• I just looked.. The prices of the ISCET exam has gone up also, but it is still 3x the price.

        ISCET exam prices..
        TESTING FEES
        Associate and One Journeyman Exam $75.00
        Journeyman Exam $50.00
        Associate Exam $45.00
        Endorsements $50.00

        http://www.iscetedu.net/ec/certManager/registerInf o.jsp [iscetedu.net]

        I did pass on my first try. I have also taken my Low Voltage NEC classes. (Class 2 electrical)

        So at todays prices the ISCET exam is $75 compared to $225 for the non-member in home tech exam.
  • I don't think this certification is going to necessarily make anyone suddenly become useful. A random look at some of the sample questions is sort of scary.... Two sample questions from their website http://certification.comptia.org/resources/practi c e_test.aspx [comptia.org] Question 3 (corresponding objective: 1.a.10) A technician is asked to troubleshoot a residential network that reported no problems yesterday. Today, the user's computer is not able to communicate with any of the other networked devices. Which of
    • Question 3 (corresponding objective: 1.a.10) A technician is asked to troubleshoot a residential network that reported no problems yesterday. Today, the user's computer is not able to communicate with any of the other networked devices. Which of the following should the technician check FIRST? A. Power supply to the network devices B. Operating system for viruses C. System resources used by the network interface cards D. Protocols installed on the system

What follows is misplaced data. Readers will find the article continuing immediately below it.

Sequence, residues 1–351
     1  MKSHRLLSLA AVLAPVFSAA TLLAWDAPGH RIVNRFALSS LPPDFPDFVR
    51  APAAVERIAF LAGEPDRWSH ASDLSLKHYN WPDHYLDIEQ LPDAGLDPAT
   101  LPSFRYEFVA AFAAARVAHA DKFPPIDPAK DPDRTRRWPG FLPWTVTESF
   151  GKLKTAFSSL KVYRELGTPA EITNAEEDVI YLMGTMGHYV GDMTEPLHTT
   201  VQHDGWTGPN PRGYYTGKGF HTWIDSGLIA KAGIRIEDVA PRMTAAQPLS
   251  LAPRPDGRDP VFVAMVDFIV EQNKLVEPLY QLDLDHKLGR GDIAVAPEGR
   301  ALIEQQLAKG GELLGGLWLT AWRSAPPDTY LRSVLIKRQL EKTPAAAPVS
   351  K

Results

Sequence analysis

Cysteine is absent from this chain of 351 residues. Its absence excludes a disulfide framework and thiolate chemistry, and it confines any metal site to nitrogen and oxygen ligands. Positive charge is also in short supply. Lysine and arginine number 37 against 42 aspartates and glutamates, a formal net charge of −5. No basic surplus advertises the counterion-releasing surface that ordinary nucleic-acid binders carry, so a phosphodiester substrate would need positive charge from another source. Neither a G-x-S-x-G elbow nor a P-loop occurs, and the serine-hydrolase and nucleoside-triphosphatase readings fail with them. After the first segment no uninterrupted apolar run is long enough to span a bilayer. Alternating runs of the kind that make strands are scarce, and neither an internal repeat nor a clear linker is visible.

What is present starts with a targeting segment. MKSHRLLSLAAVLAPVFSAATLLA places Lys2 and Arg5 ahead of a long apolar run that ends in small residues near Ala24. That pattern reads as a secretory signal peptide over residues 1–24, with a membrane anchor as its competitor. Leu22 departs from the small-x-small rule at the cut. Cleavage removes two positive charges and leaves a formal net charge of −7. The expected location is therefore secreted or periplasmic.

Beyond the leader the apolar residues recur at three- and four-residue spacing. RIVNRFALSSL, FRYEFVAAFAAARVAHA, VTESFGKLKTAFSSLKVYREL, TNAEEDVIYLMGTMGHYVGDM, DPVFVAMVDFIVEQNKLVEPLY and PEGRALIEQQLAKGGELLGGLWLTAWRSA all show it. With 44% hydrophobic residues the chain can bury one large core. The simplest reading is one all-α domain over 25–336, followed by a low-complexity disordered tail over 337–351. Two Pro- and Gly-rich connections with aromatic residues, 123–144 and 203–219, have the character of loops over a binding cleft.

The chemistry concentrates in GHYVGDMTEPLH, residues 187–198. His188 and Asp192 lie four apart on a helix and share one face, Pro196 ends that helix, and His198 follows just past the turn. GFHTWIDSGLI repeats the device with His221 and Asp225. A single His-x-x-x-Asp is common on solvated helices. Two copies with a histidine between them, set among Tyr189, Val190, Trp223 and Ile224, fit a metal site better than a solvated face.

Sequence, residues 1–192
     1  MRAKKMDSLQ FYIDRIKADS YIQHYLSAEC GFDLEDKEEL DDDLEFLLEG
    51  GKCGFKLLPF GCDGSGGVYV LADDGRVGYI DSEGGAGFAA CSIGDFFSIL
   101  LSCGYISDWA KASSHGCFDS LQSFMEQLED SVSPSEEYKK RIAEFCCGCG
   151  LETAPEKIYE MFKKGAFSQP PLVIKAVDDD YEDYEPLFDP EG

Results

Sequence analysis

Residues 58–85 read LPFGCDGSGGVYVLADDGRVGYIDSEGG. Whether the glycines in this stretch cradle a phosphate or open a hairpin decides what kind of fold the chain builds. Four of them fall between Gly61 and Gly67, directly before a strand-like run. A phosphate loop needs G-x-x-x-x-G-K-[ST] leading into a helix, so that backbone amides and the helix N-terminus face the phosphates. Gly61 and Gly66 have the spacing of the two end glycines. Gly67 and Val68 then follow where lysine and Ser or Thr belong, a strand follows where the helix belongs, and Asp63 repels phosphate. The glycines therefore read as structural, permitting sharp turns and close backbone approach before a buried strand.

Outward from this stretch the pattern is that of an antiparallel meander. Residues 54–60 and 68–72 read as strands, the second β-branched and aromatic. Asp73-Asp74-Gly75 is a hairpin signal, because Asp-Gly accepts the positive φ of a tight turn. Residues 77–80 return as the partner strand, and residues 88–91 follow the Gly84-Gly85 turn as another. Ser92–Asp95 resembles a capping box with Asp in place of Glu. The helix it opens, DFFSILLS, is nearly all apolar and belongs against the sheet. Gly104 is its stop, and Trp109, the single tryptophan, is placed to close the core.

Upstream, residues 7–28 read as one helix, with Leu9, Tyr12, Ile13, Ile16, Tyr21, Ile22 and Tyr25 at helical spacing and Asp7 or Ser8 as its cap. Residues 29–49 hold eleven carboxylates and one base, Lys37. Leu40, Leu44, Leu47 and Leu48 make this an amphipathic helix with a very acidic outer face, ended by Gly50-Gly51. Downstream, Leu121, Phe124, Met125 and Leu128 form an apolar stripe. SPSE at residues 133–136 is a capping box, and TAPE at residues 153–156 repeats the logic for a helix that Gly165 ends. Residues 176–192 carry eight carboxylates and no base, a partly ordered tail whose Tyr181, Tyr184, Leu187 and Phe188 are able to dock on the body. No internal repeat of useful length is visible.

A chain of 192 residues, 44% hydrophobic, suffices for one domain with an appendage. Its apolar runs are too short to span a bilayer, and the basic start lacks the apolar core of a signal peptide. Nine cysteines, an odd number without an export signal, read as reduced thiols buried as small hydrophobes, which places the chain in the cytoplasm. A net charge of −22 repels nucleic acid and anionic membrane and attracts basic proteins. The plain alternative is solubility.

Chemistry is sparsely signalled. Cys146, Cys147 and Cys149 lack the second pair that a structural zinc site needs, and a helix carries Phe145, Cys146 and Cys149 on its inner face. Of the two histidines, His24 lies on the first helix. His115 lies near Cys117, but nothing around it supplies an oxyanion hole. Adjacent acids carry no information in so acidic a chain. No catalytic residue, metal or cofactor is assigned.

How about E. Is it plugged in?

      • by zappepcs (820751)
        fsck, forgot that. The actual correct answers were A and B respectively.

        A. Power supply to the network devices

        B. The strands of wire are touching.
  • sigh,

    The previous post should have looked like this: